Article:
FOR James Heatly, the next few months should have been some of the most exciting of his career.

The diver has begun the year in the form of his life but within the space of a couple of weeks, everything has been turned upside down for the Edinburgh man as te world of sport experiences an upheaval unlike anything it has seen before.

Almost the entire sporting calendar has been wiped out for the next few months as a result of the coronavirus crisis, with athletes having to come to terms with their training venues now also being closed down.

Heatly trains at the Commonwealth Pool in Edinburgh, which closed its doors on Thursday evening, with no indication of when it will reopen.

And so while Heatly and his fellow divers are, for now, completely in the dark about what the coming weeks and months hold, he is trying his best to look on the bright side.

“A lot of my international friends from Italy and places like that have been in quarantine so I feel pretty lucky that we’re not at that stage, for now anyway,” he said.

“Everything’s so uncertain so it’s hard to know quite how to feel because we just don’t know what the next few months are going to look like.

“I'm just trying to focus on what I can control because so much of this is outwith our control. We've taken some equipment from the pool to use at home and if the weather is good, we'll try to meet up as a squad and do some land-training wherever we can safely do that.

"No one can predict what’s going to happen so it’s just about training as best we can and taking each day as it comes.”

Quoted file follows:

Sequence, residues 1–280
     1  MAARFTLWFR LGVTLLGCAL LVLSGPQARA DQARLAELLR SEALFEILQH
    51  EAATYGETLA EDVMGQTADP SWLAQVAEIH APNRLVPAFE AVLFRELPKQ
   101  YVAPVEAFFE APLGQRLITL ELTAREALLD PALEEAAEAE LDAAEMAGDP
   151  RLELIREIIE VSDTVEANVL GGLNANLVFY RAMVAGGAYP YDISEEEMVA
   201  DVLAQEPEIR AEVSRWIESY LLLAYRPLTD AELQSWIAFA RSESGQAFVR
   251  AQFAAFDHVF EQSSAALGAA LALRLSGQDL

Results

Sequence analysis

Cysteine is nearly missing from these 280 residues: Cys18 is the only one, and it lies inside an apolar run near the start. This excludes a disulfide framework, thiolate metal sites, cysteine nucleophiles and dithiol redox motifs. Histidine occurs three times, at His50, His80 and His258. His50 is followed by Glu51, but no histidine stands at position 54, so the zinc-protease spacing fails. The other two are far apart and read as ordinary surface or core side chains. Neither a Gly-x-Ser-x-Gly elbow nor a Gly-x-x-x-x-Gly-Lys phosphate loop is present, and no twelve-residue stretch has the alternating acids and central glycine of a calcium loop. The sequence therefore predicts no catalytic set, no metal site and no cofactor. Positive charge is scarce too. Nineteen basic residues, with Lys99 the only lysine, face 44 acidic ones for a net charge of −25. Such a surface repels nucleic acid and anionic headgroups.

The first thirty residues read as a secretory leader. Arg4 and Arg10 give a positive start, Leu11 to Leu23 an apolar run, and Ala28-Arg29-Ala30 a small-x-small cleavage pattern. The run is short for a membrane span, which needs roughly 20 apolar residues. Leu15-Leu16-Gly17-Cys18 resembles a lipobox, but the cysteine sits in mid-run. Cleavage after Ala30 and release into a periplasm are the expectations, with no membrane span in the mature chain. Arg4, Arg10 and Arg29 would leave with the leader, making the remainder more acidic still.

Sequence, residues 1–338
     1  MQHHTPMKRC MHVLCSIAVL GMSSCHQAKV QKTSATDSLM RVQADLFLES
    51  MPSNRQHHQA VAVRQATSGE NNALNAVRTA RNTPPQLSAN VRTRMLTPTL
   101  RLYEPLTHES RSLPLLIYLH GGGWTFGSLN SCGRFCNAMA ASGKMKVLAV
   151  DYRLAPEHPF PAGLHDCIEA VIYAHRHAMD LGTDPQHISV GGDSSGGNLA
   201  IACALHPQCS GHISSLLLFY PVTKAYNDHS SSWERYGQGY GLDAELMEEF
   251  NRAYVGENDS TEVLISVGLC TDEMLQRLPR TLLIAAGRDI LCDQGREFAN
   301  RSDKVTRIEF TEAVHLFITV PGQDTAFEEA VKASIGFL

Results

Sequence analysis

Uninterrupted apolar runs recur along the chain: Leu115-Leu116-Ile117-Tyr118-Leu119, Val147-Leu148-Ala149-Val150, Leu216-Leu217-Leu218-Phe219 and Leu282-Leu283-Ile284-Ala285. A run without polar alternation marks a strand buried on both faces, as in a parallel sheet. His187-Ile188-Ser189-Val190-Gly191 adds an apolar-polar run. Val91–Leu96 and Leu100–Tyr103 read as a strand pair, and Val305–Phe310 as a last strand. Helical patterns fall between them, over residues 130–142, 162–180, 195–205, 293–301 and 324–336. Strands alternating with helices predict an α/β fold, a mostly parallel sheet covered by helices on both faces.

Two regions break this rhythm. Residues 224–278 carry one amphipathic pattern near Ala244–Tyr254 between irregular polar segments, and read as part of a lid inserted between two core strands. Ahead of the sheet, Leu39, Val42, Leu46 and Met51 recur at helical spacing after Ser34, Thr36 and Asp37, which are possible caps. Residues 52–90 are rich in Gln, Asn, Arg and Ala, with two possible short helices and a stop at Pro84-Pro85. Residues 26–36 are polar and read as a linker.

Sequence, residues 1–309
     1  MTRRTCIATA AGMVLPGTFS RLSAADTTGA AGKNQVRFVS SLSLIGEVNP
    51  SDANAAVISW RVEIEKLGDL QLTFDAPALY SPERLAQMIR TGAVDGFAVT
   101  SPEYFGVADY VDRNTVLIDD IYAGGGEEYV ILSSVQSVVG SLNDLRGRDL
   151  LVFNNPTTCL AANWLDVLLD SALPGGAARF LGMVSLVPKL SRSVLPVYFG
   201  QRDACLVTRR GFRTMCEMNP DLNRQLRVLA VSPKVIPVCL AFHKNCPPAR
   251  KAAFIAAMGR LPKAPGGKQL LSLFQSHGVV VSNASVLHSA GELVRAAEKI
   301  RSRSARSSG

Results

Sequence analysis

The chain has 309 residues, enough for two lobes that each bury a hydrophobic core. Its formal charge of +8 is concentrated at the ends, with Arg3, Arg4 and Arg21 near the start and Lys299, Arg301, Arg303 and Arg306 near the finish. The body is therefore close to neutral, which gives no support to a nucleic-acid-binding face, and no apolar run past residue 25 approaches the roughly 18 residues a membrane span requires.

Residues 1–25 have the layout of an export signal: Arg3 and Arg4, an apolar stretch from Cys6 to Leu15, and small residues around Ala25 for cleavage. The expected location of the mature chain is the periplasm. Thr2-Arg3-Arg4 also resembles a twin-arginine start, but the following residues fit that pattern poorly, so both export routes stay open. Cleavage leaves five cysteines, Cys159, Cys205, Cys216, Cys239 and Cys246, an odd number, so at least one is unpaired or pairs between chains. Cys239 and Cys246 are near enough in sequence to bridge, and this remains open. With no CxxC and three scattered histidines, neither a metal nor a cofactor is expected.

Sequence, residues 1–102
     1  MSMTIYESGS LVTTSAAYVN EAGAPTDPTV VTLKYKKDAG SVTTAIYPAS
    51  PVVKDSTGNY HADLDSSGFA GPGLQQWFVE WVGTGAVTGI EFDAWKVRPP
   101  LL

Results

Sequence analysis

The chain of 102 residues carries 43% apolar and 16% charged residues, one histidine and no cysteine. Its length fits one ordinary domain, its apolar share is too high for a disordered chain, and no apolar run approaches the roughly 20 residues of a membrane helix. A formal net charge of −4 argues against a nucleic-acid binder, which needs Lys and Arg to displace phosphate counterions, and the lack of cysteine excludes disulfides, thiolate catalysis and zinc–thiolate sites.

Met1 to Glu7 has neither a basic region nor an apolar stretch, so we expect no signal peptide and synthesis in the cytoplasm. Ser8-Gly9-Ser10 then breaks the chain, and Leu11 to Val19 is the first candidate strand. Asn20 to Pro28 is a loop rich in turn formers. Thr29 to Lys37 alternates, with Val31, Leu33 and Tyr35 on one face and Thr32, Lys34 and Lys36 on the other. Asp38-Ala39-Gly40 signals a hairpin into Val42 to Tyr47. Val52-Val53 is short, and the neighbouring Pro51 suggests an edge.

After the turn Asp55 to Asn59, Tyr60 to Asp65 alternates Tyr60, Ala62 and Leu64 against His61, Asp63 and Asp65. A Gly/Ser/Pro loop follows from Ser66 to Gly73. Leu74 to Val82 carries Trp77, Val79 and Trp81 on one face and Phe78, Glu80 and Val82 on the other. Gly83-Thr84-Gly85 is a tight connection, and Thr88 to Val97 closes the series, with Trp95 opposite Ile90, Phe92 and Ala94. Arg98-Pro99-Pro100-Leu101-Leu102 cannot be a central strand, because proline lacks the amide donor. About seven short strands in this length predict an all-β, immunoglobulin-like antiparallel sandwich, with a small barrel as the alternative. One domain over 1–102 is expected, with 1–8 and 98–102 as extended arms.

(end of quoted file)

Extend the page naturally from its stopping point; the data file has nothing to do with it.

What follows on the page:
Heatly has made a real mark in the diving world. His first major breakthrough was winning Commonwealth Games bronze in the 1m springboard in 2018, becoming only the second Scottish diver to win Commonwealth Games silverware after his grandfather, Peter Heatly, who won three golds, a silver and a bronze in the 1950s.

The 22-year-old then followed up his Gold Coast performance with bronze in the European Championships.

It is this year though, that Heatly has become one to watch on the global stage. After defending his British title in January, he won gold in the 3m springboard at the World Cup event in Rostock, Germany last month.

“I’m really over the moon with how my year started,” he said. “I definitely feel like I’ve taken a step up recently. I’d never really made an appearance on the world stage and my first outings have gone extremely well so I’m really happy.”

Heatly made a raft of small tweaks to his regime ahead of this season but it is the psychological improvements that have helped the Scot.

In a sport which allows you only a couple of seconds in the air to execute the most complex of dives, there is no room for error and while Heatly has never had a problem with the mental side of competition, it is the psychological improvements in training that have really made the difference.

“In competitions, I’ve become quite good at only focusing on what I can control - it’s the day-in, day-out at training I’ve been working on,” he said. “The dives we do can be quite scary and so it’s tough to do them every day in training without the adrenaline of competition.

"Particularly when you’re learning something new, say if you’re adding a somersault or a twist or something, it messes with what you’re used to so it can be quite scary the first few times. But after you’ve taken a few hits, you know what way is up.”

While no one knows if Tokyo 2020 will even go ahead, Heatly has no option but to continue to focus on Olympic qualification.

He narrowly missed out on Rio and while that was disappointing, he was able to recover relatively quickly from that blow and is hoping things get back to normal sooner rather than later.

“It would mean everything to make it to the Olympics,” he said of this summer’s Games. “It’s the one every athlete wants to get to and with it, hopefully, being just round the corner, I can taste it now and I’d love to be there.

“It was tough to miss out on Rio but it’d have been a bit of a shock for me to get there, so while it was tough to take at the start, I was able to deal with missing out. I always thought Tokyo would be the one for me so hopefully that comes true.”